UPDATED: Climber incident on Stawamus Chief

Squamish Search and Rescue organizing helicopter rescue

Squamish Search and Rescue president BJ Chute told The Chief they are responding to an incident involving a climber at the Stawamus Chief.

Around 11:35 a.m. on Aug. 22, SAR was organizing for a long-line helicopter response. As of 1 p.m., crews are loading the climber onto an air ambulance.

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Initial reports suggested the climber was a man from the U.S. in his 30s, but since then SAR has identified the climber as a woman.

Rescuers say she fell from the Apron climbing area. Chute did not have information about how the woman fell, but her climbing partner was able to secure her to a ledge. The call to Squamish SAR said the climber hit her head. The team has not been able to confirm the extent of her injuries yet.

Earlier, two rescuers were putting the patient on a long-line. Two ground ambulances and an air ambulance were waiting for the climber at the staging area.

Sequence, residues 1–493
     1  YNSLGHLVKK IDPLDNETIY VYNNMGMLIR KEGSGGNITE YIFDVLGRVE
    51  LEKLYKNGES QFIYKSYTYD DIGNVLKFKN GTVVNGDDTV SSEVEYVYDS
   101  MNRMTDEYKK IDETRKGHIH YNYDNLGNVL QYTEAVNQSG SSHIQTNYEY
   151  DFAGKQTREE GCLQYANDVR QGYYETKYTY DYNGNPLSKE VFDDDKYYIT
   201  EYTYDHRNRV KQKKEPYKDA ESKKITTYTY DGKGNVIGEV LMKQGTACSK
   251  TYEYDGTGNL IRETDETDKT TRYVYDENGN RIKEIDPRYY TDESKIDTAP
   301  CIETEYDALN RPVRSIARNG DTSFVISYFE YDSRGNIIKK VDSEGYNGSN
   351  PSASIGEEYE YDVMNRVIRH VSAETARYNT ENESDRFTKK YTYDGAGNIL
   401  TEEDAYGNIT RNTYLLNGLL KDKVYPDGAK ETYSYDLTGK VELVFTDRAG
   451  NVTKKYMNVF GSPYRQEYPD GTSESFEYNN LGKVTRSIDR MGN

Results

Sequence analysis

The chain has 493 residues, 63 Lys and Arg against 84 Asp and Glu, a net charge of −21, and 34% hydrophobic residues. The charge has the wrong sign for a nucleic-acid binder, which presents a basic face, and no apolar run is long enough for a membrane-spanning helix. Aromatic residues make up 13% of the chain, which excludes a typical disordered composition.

Chute said the conditions, whether the area was dry or wet from recent rain, is unknown at this time. 

The Squamish SAR president said there has been a spike in climbing incidents since the beginning of August, but there hasn't been an overall spike in climbing-related calls this year. He said this could be because there's more activity in the Sea to Sky Corridor in general.

"It seemed earlier in the season we had a rash of inexperienced climbers, and whether that was a reason for that increase early on, but certainly the last several rescues, we have taken part in, we've rescued people who are experienced climbers. I don't know what this gentleman's experience level is at this point," Chute said. 

Last August, in 2018, Chute said the SAR call volume was lower, they think due to wildfire smoke. 

This incident comes two days after another recent rescue by local SAR on the Chief, on Aug. 20.

In the summer of 2019, there have been two climbing fatalities on the Chief. A climber fell in the Grand Wall area on June 22, and local climber Ken Anderson has been named as the climber who fell on Aug. 4.

*This story has been updated to clarify where the June 22 incident took place. It was in the Grand Wall area, not on the Grand Wall, as previously stated. 

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